Knee meniscectomy overview
This minimally-invasive outpatient knee surgery is designed to remove the damaged portion of the meniscus, a layer of cartilage on top of the tibia that cushions and stabilizes the knee joint. The procedure may be performed with local or regional anesthetic.
Preparation for knee meniscectomy
The patient is positioned so that the knee is clearly visible to the physician, and the area is cleaned and sterilized.
Accessing the joint
The surgeon creates two to five small incisions in the knee. An arthroscopic camera is inserted. The surgeon uses it to evaluate the cartilage and ligaments in the knee. The other incisions will be used as access points for other arthroscopic tools.
The meniscus repair
The surgeon cuts or shaves away the torn piece of the meniscus, preserving as much healthy tissue as possible. The edges of the area are cleaned and smoothed, and the rest of the joint is inspected for damage.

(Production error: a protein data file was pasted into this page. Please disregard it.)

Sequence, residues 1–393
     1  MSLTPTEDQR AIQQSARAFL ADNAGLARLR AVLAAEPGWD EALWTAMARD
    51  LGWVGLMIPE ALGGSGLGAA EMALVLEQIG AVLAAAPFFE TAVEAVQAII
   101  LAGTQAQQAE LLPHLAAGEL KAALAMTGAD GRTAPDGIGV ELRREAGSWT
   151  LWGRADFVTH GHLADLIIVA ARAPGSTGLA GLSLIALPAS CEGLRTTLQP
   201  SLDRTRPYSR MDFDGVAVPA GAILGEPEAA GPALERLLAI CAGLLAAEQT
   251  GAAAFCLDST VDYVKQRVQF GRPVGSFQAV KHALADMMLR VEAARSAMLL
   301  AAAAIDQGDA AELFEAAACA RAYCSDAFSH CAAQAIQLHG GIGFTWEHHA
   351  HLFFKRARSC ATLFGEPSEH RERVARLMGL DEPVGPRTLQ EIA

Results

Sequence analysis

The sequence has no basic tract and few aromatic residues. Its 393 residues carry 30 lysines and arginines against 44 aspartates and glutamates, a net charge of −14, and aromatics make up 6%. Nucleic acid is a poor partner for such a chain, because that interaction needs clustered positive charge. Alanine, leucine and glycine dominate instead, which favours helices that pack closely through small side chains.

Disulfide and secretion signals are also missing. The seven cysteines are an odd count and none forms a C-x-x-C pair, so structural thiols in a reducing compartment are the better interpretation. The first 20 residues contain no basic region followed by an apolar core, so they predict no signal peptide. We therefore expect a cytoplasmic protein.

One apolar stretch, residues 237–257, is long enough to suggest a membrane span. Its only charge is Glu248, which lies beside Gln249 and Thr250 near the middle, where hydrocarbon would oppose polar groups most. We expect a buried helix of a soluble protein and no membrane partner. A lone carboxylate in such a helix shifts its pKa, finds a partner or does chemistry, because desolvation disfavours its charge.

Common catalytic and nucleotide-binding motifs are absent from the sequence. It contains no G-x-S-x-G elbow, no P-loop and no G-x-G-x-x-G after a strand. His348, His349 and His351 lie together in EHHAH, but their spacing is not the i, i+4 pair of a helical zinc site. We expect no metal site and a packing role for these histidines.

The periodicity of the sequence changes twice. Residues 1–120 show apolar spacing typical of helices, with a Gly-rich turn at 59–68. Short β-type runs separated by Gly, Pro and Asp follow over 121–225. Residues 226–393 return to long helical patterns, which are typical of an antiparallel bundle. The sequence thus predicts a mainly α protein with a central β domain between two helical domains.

End of the meniscus repair procedure
The instruments are removed and the incisions are closed with sutures or surgical staples. The knee is bandaged.
Aftercare and knee recovery
Rehabilitation varies depending on the patient and type of knee injury. Patients may use crutches, but can generally walk on the knee within one to two days of the procedure. A treatment plan may include exercises to strengthen the joint. Full recovery usually takes two to four weeks.